Please wait for the process to complete.
Checking for non-preferred file/folder path names (may take a long time depending on the number of files/folders) ...
This resource contains some files/folders that have non-preferred characters in their name. Show non-conforming files/folders.
||This resource does not have an owner who is an active HydroShare user. Contact CUAHSI (email@example.com) to determine if accessing this resource is possible.|
|Storage:||The size of this resource is 18.8 KB|
|Created:||Nov 06, 2018 at 8:38 p.m.|
|Last updated:|| Nov 06, 2018 at 8:50 p.m.
|Citation:||See how to cite this resource|
|+1 Votes:||Be the first one to this.|
|Comments:||No comments (yet)|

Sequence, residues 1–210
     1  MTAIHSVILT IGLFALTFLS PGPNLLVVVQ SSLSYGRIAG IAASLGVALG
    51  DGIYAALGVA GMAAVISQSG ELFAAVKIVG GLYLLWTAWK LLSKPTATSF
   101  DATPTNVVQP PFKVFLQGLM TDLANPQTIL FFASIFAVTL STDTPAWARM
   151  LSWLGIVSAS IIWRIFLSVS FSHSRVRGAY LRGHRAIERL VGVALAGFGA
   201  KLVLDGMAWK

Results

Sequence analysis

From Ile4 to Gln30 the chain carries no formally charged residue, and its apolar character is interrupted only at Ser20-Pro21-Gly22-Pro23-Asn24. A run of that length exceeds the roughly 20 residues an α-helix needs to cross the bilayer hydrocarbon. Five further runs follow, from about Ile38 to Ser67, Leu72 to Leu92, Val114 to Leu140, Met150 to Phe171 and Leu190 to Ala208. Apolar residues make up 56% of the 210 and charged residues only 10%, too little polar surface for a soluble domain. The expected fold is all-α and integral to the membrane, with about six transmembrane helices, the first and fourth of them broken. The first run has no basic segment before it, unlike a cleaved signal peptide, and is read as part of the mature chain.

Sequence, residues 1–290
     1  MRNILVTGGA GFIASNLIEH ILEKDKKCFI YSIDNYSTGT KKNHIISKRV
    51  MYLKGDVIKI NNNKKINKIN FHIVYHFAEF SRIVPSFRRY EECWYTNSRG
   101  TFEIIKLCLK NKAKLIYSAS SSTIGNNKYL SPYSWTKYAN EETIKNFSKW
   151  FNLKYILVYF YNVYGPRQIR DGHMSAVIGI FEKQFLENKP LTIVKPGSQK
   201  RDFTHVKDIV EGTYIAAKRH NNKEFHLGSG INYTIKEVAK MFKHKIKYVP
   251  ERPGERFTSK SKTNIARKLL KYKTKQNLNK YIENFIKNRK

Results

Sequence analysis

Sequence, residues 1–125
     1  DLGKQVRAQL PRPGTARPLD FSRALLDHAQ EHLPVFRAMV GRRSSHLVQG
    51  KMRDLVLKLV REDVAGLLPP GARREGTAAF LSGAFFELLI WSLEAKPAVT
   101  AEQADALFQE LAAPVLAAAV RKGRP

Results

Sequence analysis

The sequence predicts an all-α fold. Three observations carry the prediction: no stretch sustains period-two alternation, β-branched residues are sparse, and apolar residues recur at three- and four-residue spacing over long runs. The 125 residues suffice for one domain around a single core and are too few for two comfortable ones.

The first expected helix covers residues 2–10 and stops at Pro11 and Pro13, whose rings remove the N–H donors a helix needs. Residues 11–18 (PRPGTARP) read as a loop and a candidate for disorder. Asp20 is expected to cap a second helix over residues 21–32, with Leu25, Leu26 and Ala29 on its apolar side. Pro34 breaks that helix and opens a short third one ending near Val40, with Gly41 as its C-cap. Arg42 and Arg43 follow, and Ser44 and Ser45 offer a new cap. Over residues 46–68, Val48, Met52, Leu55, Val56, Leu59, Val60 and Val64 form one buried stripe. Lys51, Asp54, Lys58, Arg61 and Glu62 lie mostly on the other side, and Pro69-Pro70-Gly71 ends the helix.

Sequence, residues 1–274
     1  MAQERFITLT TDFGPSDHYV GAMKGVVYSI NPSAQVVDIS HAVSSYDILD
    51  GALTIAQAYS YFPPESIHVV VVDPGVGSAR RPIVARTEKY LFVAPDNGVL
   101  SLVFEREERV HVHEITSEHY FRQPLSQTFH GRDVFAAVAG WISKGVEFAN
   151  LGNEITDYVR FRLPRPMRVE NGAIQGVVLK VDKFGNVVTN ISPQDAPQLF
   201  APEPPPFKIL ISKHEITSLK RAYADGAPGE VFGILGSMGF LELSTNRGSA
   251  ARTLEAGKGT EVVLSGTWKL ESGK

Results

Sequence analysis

This project investigates the impacts on residential power demand during warm summers when air quality is compromised by smoke from wildfires. We hypothesize that the energy use increases when the air is smoky because of additional purchase and use of air conditioners and air purifiers when temperatures are warm and the air is smoky from wildfires because windows must be kept closed, eliminating the evening cooling ability practiced by homeowners. We'll focus our analysis in the Seattle area using Seattle City Light energy use data and SeaTac weather station data. U.S. Air Quality Index (AQI), EPA’s index for reporting air quality ranging from 0 to 500, will be used for air quality data. The timeframe will initially focus on June through August during 2015 through 2018.
How to Cite
This resource is shared under the Creative Commons Attribution CC BY.http://creativecommons.org/licenses/by/4.0/
There are currently no comments